reunion at heart mountain

Over the weekend, hundreds of Japanese Americans who were interned during World War II returned to the Heart Mountain Relocation Center in Wyoming -- many for the first time -- for a reunion and museum opening. Many of the men and women, now in their 70s, were young children when they were interned: A Japanese internment camp revisited.
Many of the returning internees were children when they arrived at Heart Mountain. The experience was an adventure. They remember the baseball diamonds that turned into ice-skating rinks in the winter, the swimming hole dug by their fathers, the chipmunks and rabbits they chased in the hills when they sneaked out of the camp.

They remember the fence posts with barbed wire that caged them, the machine gun mounts and the guards in the guard towers, vigilant day and night.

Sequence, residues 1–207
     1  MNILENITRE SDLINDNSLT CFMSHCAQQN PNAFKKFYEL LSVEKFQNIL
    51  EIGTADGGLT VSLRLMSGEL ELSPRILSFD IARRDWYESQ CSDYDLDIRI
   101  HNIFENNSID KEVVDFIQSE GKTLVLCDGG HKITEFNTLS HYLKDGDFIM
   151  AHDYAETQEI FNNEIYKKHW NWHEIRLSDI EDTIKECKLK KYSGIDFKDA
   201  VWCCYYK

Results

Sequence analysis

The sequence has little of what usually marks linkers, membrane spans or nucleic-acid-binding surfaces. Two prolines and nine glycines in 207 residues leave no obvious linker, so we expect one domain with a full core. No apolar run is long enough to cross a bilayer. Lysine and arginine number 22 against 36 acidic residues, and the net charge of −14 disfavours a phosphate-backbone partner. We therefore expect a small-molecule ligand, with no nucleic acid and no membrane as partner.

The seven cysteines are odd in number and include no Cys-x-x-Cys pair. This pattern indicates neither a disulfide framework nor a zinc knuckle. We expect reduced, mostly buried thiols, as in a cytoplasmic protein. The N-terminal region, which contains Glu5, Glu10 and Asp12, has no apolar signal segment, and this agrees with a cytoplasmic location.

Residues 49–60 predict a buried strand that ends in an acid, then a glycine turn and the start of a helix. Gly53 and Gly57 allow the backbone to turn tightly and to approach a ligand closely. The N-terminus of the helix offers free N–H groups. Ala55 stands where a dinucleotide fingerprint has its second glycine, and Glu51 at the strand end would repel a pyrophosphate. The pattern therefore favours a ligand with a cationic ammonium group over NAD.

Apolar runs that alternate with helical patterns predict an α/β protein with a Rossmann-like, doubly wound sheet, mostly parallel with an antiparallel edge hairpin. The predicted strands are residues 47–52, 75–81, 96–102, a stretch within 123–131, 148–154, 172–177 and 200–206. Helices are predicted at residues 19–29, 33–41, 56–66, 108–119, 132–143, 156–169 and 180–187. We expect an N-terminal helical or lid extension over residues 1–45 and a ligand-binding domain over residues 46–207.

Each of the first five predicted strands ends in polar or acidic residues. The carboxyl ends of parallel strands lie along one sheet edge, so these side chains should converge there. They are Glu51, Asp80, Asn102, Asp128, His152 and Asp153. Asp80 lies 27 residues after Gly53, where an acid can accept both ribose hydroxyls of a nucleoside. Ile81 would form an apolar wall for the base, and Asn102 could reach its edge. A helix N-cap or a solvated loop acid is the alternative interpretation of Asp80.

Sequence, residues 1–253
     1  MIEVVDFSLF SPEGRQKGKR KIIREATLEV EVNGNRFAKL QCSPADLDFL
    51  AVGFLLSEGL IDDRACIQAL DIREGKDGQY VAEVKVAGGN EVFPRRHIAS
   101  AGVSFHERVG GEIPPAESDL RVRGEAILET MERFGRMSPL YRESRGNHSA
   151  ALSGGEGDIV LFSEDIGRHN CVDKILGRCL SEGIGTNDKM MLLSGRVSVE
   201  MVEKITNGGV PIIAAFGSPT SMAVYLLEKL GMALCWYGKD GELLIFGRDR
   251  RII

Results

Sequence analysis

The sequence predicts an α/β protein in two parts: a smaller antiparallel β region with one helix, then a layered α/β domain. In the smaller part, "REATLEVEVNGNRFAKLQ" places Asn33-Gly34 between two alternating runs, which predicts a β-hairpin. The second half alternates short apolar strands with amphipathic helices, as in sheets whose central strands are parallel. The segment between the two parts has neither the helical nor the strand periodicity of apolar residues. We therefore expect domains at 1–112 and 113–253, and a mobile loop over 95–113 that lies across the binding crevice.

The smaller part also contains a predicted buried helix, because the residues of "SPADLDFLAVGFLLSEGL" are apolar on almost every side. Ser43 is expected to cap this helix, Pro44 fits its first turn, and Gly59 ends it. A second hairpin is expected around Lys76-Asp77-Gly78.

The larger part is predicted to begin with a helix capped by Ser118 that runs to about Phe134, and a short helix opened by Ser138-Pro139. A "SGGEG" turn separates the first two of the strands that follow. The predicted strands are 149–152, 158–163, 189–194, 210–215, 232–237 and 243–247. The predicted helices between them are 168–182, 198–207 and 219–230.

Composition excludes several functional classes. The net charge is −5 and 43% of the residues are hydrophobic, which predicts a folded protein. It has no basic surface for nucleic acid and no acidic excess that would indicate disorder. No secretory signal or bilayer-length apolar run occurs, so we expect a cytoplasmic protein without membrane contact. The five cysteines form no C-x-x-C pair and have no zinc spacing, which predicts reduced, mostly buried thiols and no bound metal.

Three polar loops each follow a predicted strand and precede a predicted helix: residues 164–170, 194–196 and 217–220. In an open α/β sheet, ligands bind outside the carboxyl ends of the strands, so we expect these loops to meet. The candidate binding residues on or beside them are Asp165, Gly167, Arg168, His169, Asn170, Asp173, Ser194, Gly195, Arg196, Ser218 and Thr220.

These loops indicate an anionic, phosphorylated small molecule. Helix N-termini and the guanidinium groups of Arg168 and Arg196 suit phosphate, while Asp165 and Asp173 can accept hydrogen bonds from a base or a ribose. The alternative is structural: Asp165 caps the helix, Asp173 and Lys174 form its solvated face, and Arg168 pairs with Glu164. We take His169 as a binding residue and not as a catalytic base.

Heart Mountain was one of 10 internment camps around the country, 740 acres with rows upon rows of wood- and tar-paper-lined barracks in the Shoshone Valley. Thousands came from California.

In 1945, when the war ended and the families were released — to start again from nothing in most cases — the barracks, along with the government-issued beds and the coal-fired potbelly stoves, were sold and scattered across the farmland.
At the center of the story is a 81-year-old former internee named Bacon Sakatani, who became a driving force in organizing this reunion and the effort to archive and memorialize the internment. The article also features a neat little "cameo" from former congressman and secretary of Transportation Norman Y. Mineta.

For more information about the new Heart Mountain Interpretive Learning Center, check out the Heart Mountain Wyoming Foundation website here.

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